The archaeological evidence, most famously the site of L'Anse aux Meadows in Newfoundland, shows that soon afterwards the Norse made at least some ventures into North America.

The rest of this article is only available to active members of Questia

Sign up now for a free, 1-day trial and receive full access to:

  • Questia's entire collection
  • Automatic bibliography creation
  • More helpful research tools like notes, citations, and highlights
  • Ad-free environment

Already a member? Log in now.

Notes for this article

Add a new note
If you are trying to select text to create highlights or citations, remember that you must now click or tap on the first word, and then click or tap on the last word.
One moment ...
Project items

Items saved from this article

This article has been saved
Highlights (0)
Some of your highlights are legacy items.

Highlights saved before July 30, 2012 will not be displayed on their respective source pages.

You can easily re-create the highlights by opening the book page or article, selecting the text, and clicking “Highlight.”

Citations (0)
Some of your citations are legacy items.

Any citation created before July 30, 2012 will labeled as a “Cited page.” New citations will be saved as cited passages, pages or articles.

We also added the ability to view new citations from your projects or the book or article where you created them.

Notes (0)
Bookmarks (0)

You have no saved items from this article

Project items include:
  • Saved book/article
  • Highlights
  • Quotes/citations
  • Notes
  • Bookmarks
Notes
Cite this article

Cited article

Style
Citations are available only to our active members.
Sign up now to cite pages or passages in MLA, APA and Chicago citation styles.

(Einhorn, 1992, p. 25)

(Einhorn 25)

1

1. Lois J. Einhorn, Abraham Lincoln, the Orator: Penetrating the Lincoln Legend (Westport, CT: Greenwood Press, 1992), 25, http://www.questia.com/read/27419298.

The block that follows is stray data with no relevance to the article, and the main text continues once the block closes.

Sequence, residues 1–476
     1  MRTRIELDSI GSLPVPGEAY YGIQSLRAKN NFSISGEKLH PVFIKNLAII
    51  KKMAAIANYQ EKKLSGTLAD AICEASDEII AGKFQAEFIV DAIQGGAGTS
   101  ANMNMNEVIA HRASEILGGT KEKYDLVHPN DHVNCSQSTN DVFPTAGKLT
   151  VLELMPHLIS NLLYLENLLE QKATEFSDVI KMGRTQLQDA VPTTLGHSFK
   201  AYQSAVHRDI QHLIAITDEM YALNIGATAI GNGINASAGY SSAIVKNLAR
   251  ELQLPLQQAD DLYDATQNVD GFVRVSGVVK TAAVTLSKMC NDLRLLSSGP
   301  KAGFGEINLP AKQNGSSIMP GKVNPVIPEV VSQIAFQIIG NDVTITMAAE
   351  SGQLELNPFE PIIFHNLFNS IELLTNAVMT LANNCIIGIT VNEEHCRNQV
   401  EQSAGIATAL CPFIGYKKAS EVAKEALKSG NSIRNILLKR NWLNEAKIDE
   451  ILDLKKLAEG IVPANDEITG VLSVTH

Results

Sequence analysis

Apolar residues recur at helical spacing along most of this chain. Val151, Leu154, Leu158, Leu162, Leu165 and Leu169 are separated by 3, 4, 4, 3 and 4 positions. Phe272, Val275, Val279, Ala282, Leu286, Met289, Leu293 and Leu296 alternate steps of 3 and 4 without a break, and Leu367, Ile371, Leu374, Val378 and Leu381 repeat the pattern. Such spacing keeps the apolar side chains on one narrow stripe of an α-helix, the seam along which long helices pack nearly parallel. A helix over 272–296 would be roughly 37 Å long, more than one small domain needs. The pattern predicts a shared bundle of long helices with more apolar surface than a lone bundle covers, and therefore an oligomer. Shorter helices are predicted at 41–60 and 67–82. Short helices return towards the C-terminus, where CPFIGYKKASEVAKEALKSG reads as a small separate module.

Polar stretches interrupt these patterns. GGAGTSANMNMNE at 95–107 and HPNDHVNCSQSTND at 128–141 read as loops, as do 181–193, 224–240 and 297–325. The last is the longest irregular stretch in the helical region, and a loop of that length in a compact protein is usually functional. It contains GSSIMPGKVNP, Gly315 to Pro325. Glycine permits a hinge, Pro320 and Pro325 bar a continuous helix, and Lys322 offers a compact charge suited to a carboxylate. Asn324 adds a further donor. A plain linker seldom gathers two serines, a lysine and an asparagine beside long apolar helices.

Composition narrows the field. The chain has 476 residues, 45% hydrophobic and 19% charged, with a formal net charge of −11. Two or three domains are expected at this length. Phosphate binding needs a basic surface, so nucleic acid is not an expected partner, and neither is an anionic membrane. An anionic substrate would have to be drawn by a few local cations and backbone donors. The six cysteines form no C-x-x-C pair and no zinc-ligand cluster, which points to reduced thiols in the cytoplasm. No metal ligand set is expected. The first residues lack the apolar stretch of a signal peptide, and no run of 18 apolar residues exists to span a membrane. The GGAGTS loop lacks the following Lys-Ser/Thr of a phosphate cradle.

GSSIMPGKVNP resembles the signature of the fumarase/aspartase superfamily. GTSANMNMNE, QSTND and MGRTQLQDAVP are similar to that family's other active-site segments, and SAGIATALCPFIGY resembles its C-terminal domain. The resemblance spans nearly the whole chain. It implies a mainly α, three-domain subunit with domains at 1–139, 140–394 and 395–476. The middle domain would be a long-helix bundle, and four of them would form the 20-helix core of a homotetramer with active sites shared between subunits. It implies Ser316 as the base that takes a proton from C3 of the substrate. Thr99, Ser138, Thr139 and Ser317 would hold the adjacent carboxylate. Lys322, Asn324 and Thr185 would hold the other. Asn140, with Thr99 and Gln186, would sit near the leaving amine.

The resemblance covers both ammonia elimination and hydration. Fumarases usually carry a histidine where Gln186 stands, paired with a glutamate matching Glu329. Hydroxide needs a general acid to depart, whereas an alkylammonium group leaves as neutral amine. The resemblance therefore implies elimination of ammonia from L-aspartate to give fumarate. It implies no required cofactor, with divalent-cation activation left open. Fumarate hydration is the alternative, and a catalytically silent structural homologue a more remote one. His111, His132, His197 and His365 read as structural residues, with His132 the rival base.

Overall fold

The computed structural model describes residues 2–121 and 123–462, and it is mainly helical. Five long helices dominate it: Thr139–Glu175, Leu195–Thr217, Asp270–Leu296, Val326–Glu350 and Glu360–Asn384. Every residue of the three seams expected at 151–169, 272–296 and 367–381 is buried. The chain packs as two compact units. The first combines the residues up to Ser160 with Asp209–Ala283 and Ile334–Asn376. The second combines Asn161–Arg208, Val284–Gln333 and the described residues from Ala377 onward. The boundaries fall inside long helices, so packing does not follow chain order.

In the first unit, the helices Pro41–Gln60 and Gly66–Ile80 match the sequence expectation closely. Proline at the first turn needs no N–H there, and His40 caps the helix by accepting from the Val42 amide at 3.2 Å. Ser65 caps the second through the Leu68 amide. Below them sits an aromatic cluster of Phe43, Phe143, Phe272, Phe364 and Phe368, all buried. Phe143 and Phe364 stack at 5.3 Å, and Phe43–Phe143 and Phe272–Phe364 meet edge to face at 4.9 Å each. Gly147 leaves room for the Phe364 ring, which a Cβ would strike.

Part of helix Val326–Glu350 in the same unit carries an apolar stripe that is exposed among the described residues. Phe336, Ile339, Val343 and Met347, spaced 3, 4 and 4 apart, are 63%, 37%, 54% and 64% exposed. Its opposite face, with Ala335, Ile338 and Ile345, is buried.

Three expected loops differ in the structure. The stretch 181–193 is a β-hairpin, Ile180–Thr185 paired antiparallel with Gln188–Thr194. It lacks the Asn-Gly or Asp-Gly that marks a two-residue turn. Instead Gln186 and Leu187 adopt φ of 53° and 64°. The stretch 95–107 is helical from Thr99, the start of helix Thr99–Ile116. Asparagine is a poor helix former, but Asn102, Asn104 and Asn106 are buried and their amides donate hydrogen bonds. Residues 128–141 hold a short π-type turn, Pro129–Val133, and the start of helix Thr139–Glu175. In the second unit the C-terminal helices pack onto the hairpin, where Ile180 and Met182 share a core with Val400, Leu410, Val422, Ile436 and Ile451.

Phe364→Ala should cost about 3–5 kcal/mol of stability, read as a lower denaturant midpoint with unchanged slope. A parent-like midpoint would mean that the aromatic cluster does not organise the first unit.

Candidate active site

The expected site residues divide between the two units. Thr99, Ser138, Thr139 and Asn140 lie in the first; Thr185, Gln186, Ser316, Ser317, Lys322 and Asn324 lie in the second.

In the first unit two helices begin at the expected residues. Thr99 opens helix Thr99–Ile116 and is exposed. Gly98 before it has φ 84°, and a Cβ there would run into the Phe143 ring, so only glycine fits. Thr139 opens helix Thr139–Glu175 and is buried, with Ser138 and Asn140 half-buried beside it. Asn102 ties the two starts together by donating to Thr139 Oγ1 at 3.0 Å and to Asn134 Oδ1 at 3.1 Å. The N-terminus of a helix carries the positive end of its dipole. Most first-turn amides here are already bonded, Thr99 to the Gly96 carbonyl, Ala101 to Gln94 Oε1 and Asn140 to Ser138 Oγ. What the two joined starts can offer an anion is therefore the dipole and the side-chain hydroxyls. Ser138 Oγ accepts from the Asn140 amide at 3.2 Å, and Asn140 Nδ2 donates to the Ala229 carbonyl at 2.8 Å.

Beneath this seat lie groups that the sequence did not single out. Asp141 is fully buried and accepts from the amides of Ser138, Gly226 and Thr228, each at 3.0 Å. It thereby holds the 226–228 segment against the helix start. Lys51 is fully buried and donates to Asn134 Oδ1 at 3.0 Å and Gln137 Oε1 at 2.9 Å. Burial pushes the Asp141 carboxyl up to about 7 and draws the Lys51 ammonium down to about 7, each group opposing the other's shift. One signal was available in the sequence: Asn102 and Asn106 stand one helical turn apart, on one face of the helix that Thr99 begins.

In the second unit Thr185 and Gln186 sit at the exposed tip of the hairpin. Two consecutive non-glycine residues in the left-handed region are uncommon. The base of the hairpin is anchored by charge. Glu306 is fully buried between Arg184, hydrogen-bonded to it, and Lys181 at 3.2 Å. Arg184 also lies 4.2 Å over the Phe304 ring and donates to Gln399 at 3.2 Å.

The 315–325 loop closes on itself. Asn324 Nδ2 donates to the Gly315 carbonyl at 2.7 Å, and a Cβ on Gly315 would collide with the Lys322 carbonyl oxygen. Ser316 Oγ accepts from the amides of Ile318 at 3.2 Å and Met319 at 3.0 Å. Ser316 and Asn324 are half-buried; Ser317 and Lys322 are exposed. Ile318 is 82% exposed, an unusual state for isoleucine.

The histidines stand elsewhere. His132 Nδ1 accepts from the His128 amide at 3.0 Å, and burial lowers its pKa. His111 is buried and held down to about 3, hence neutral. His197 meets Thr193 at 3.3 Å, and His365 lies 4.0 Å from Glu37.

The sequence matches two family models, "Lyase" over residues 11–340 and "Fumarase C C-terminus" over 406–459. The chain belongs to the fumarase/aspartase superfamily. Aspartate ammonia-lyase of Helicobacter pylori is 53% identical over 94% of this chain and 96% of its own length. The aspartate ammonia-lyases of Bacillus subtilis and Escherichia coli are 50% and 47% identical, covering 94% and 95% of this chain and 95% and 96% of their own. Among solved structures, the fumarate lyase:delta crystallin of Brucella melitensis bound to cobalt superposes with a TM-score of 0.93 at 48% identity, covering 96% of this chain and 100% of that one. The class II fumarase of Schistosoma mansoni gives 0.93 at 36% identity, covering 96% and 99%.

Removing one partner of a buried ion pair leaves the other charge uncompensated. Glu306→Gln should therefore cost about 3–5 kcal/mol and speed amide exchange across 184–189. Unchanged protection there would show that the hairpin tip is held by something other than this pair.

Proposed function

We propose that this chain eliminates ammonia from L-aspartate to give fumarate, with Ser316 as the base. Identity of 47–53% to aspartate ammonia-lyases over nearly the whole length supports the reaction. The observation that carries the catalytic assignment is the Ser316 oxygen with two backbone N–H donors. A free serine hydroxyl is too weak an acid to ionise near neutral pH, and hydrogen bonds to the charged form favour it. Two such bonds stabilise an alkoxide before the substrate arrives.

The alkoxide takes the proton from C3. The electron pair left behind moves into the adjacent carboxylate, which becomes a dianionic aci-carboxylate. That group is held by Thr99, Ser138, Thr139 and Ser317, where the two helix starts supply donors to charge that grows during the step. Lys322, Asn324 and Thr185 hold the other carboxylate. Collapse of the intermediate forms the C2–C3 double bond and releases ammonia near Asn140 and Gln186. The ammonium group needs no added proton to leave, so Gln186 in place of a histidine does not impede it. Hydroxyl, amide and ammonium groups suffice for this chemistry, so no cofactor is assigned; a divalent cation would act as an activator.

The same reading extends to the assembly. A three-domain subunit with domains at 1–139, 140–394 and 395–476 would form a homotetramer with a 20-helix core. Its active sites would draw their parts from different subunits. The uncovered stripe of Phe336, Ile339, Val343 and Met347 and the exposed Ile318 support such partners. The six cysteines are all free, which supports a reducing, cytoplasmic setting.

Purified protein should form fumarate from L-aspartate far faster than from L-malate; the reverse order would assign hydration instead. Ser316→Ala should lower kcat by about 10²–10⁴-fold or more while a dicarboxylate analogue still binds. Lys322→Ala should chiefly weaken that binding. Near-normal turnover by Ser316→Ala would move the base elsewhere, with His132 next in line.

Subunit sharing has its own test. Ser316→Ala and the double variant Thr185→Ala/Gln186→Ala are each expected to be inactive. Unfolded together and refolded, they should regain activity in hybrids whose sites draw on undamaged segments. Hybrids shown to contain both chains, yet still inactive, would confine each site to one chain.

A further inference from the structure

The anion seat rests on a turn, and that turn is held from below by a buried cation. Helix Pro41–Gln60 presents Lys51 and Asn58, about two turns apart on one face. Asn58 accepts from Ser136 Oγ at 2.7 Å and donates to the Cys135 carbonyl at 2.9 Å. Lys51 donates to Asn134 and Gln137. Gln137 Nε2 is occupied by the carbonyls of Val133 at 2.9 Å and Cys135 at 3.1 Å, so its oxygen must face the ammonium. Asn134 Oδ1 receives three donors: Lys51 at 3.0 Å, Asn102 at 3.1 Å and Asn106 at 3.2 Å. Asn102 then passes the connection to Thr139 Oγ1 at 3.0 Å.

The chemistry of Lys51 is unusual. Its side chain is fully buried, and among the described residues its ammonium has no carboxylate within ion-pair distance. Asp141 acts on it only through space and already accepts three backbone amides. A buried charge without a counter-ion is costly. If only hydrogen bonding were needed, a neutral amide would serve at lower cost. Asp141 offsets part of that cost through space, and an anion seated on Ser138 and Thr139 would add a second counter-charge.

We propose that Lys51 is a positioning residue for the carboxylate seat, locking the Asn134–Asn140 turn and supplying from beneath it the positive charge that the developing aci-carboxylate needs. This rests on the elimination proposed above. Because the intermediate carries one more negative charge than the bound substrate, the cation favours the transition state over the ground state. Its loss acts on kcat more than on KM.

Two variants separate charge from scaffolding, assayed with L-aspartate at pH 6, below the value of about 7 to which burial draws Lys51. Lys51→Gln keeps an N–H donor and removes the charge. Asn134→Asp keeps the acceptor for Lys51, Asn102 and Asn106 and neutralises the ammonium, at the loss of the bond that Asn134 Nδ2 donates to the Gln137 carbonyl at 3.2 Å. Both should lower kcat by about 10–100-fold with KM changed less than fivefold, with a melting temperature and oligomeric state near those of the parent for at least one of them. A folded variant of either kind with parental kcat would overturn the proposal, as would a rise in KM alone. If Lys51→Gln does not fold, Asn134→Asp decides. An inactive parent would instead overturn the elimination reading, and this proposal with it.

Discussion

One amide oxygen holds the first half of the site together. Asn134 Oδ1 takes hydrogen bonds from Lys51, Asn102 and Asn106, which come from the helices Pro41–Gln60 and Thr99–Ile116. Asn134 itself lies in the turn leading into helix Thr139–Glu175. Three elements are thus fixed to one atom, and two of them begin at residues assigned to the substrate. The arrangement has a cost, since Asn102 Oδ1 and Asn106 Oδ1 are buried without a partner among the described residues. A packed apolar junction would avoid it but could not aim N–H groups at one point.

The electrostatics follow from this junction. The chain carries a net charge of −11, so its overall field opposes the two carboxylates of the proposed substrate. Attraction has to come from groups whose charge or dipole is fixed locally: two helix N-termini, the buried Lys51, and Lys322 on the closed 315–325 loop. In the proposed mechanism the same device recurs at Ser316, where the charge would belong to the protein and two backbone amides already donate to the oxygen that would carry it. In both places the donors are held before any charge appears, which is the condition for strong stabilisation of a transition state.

Cited article

Contact between the Norse Vikings and the Dorset Culture in Arctic Canada
Settings

Settings

Typeface
Text size Smaller Larger
Search within

Search within this article

Look up

Look up a word

  • Dictionary
  • Thesaurus
Please submit a word or phrase above.
Print this page

Print this page

Why can't I print more than one page at a time?

Full screen

matching results for page

Cited passage

Style
Citations are available only to our active members.
Sign up now to cite pages or passages in MLA, APA and Chicago citation styles.

"Portraying himself as an honest, ordinary person helped Lincoln identify with his audiences." (Einhorn, 1992, p. 25).

"Portraying himself as an honest, ordinary person helped Lincoln identify with his audiences." (Einhorn 25)

"Portraying himself as an honest, ordinary person helped Lincoln identify with his audiences."1

1. Lois J. Einhorn, Abraham Lincoln, the Orator: Penetrating the Lincoln Legend (Westport, CT: Greenwood Press, 1992), 25, http://www.questia.com/read/27419298.

Cited passage

Welcome to the new Questia Reader

The Questia Reader has been updated to provide you with an even better online reading experience.  It is now 100% Responsive, which means you can read our books and articles on any sized device you wish.  All of your favorite tools like notes, highlights, and citations are still here, but the way you select text has been updated to be easier to use, especially on touchscreen devices.  Here's how:

1. Click or tap the first word you want to select.
2. Click or tap the last word you want to select.

OK, got it!

Thanks for trying Questia!

Please continue trying out our research tools, but please note, full functionality is available only to our active members.

Your work will be lost once you leave this Web page.

For full access in an ad-free environment, sign up now for a FREE, 1-day trial.

Already a member? Log in now.